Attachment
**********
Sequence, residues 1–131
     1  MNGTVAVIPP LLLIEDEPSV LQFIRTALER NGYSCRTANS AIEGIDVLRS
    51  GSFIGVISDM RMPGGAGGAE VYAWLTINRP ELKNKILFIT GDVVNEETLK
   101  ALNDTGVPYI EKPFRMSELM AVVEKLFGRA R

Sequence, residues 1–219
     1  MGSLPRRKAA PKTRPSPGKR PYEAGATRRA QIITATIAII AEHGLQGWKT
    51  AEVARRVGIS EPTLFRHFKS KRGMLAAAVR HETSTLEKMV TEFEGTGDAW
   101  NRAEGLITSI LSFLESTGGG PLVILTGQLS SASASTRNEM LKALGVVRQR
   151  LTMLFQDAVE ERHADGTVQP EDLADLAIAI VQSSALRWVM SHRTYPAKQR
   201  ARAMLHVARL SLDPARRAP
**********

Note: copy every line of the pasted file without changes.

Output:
Sequence, residues 1–131
     1  MNGTVAVIPP LLLIEDEPSV LQFIRTALER NGYSCRTANS AIEGIDVLRS
    51  GSFIGVISDM RMPGGAGGAE VYAWLTINRP ELKNKILFIT GDVVNEETLK
   101  ALNDTGVPYI EKPFRMSELM AVVEKLFGRA R

Sequence, residues 1–219
     1  MGSLPRRKAA PKTRPSPGKR PYEAGATRRA QIITATIAII AEHGLQGWKT
    51  AEVARRVGIS EPTLFRHFKS KRGMLAAAVR HETSTLEKMV TEFEGTGDAW
   101  NRAEGLITSI LSFLESTGGG PLVILTGQLS SASASTRNEM LKALGVVRQR
   151  LTMLFQDAVE ERHADGTVQP EDLADLAIAI VQSSALRWVM SHRTYPAKQR
   201  ARAMLHVARL SLDPARRAP